Reasons Why Your Dog Might Be "Leaking" Urine

What to Know about Aging and Urinary Incontinence in Older Female Dogs

Dog resting on floor
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A common issue with older dogs, especially females, urinary incontinence can cause your dog to leak urine. She may not know it happens and it's likely she cannot control it. This can be a concern, though a trip to the vet for an exam may be able to rule out serious conditions and provide a viable treatment.

Age-Related Incontinence

As female dogs age, urinary incontinence can occur. It may be both age-related and something requiring medical attention.

In the female dog, the urethra and vagina open in a common area called the vestibule. This area then opens to the exterior, called the vulva.

In an age-related incontinent dog (versus a congenital problem), muscles and sphincters aren't as toned as they once were, and urine leaks a bit into the common vestibule area. The urine may pool there, causing a "dilated" appearance. This stalled urine can lead to localized infections and may ascend up into the bladder, causing a urinary tract infection. As the dog gets up or lays down, a small pool of urine may be released.

In spayed females, this can also be caused by a  lack of the hormone estrogen. A lack of testosterone may cause this in male dogs as well. If your dog is leaking urine, this may be what you are seeing. However, an examination by your veterinarian is still in order to confirm it because a concurrent urinary tract infection is also possible.

Disease-Related Incontinence

In addition to a loss of tone in the urogenital system, diseases such as diabetes or kidney disease often lead to increased thirst and, as a result, urination. This exacerbates the urine pooling and the potential for a urinary tract infection.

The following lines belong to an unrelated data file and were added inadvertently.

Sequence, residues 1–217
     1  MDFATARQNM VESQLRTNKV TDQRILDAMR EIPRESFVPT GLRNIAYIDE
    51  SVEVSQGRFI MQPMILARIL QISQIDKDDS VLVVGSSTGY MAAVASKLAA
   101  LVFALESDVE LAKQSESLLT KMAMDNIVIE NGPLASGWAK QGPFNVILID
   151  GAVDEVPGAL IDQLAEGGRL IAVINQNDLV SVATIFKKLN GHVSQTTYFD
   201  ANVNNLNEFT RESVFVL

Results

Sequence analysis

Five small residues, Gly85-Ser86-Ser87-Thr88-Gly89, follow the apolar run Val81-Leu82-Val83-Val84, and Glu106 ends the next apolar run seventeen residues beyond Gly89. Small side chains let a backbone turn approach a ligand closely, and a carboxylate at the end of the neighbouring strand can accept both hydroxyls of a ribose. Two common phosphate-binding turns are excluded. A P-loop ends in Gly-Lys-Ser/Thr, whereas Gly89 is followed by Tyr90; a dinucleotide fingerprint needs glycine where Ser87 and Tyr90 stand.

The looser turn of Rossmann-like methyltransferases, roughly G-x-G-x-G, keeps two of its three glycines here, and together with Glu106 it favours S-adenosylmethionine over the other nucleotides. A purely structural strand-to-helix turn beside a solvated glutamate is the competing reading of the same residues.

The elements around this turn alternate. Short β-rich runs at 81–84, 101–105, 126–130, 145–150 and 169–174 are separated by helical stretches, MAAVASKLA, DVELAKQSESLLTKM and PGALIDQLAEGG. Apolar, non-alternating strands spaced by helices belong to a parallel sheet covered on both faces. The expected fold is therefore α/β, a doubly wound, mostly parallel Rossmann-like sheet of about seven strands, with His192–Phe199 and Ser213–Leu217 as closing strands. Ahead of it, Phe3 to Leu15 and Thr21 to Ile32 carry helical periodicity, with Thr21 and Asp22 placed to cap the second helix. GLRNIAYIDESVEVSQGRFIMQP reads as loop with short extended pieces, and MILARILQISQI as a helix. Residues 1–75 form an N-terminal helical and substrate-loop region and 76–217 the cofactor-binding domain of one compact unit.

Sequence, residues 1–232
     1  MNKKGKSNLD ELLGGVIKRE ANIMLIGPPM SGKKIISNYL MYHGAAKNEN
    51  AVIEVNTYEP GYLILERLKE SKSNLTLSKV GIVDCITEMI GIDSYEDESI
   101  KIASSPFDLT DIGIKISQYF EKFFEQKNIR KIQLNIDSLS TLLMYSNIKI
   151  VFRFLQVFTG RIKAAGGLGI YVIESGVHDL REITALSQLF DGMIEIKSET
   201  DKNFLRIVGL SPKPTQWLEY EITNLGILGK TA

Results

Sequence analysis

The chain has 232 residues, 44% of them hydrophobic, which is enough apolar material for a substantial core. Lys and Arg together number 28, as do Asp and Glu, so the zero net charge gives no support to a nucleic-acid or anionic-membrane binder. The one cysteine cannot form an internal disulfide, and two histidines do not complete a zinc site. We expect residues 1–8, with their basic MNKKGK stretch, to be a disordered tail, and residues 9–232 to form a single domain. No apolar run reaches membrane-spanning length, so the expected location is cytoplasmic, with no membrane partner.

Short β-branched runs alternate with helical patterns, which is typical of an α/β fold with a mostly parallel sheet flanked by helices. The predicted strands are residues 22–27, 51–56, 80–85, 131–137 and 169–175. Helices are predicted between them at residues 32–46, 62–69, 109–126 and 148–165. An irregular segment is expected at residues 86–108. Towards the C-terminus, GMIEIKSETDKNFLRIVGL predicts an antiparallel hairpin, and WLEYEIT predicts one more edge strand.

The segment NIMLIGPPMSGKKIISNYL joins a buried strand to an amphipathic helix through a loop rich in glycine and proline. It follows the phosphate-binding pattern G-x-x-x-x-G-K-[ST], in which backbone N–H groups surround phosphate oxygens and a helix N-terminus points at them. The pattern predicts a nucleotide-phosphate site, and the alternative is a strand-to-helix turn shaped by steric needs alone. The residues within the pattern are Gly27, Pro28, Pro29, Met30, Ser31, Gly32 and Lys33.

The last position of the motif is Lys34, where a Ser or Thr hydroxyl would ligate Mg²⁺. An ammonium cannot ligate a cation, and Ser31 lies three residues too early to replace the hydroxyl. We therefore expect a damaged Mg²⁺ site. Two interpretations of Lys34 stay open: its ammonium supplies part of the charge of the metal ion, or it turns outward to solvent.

Making a geriatric exam appointment with your vet for a physical exam is recommended.

She will check the urine and blood work to make sure there aren't any other issues or additional diseases to deal with. Your veterinarian may order additional screening or diagnostic tests as well.


If the vet finds that your dog does have a "simple" incontinence problem, it's possible to manage it with medication. Phenylpropanolamine (PPA) is a common option and it can help tone the muscles, improving your dog's ability to control her urine again.

Another option is to provide hormonal support with a medication like Incurin. This increases her estrogen levels, which naturally increases her muscle tone in the urinary tract while she's resting.

Please note: This article has been provided for informational purposes only. If your pet is showing any signs of illness, please consult a veterinarian as quickly as possible.